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Caltrain's 'Near Miss' Isn't Deterring Anybody

Last week, SFGate's blog reposted a video from Caltrain of a 'near miss' in which a pedestrian narrowly escapes being hit by a Bullet train. The blog post says that Caltrain is making a 'safety push' by promoting this video, ostensibly as a deterrent, in hopes that people who see it will be less likely to cross the train tracks. The video, taken on Feb. 18, originally appeared in this blog post from Caltrain. It is accompanied by safety tips such as "Never go around the gates!" and "Look, listen, live!"

The release of this video comes on the heels of yet another Caltrain death in Atherton last weekend, when a man was hit by a southbound train early Saturday morning around 1:30 a.m. Authorities have not yet released the victim's name, and there is no word on why the victim was on the train tracks. This was the third Caltrain fatality so far this year, which puts the company on pace to keep up with its average of 13 fatalities per year.

Does Caltrain honestly believe that releasing this video qualifies as a 'safety push'? I think if you asked 10 random people the best way to avoid getting hit by a train, they would all say that you have to stay away from the tracks. It is much the same as asking people the best way to avoid getting hit by a car. Don't cross the street. It's not exactly a revelation. And yet, there are still people who wind up on the tracks for one reason or another, like Jenna Betti, the 14-year-old who went back to retrieve her cell phone on a train track in Martinez and tragically misjudged a Burlington Northern Santa Fe Railway train's path. People who get stuck on train tracks know better in a rational sense, but sometimes, when faced with a split-second decision, they make the wrong choice.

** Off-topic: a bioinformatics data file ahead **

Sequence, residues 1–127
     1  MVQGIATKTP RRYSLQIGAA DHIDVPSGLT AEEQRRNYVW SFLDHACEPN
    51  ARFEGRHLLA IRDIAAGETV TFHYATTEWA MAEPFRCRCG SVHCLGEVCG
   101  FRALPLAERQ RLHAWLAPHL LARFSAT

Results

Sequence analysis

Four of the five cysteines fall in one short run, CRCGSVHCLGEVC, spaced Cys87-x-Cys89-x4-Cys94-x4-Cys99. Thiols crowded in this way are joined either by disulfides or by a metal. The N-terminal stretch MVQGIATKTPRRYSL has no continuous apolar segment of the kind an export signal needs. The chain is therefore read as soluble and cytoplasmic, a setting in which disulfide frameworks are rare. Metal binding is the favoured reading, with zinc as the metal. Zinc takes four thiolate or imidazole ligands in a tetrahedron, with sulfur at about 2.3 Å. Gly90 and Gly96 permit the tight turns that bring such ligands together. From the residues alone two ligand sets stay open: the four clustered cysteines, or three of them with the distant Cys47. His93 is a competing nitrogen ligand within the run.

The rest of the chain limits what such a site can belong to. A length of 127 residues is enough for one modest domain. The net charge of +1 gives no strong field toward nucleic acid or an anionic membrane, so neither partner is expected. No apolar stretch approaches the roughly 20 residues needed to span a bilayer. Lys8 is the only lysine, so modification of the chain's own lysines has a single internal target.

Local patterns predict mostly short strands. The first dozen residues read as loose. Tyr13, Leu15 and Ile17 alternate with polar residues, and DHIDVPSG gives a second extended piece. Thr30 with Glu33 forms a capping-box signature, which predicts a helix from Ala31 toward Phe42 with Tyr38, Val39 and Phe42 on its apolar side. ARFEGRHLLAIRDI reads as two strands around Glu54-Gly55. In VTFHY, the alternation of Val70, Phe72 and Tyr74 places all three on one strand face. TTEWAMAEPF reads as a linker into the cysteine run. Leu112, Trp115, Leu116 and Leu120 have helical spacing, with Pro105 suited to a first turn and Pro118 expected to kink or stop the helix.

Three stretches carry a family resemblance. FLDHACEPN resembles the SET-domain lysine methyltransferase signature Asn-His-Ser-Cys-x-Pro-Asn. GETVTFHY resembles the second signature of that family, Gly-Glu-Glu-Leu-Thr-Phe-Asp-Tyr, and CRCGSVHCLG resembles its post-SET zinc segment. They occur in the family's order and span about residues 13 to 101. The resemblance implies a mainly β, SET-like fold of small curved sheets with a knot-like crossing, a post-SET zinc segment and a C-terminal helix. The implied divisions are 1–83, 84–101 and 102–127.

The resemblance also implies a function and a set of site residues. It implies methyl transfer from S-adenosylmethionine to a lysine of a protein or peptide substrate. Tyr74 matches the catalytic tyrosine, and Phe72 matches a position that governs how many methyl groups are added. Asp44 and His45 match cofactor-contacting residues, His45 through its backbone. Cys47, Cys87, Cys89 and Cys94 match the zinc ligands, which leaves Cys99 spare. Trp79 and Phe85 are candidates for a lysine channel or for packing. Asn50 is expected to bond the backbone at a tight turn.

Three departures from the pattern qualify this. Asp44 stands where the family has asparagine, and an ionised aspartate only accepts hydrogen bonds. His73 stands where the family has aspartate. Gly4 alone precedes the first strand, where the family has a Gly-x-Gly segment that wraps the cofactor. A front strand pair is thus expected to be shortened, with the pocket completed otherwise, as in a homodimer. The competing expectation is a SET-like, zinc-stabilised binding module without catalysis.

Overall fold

If Caltrain wanted to make a real 'safety push,' they would start thinking longer and harder about actual safety measures they could install to cut down on the frequency of train accidents. Sure, they can propagate obvious safety tips to the masses, and it could make someone like Betti think twice before risking her life for her cell phone. But the PR element would be only one minor component of a truly comprehensive safety plan. Caltrain needs to take a page out of the New York Subway System's book and start investigating new possibilities for making its system safer. One death a month is one a month too many.

What are your feelings on Caltrain's 'near miss' video? Will this really serve as a deterrent and prevent people from crossing train tracks? Leave your opinion in the comments section.

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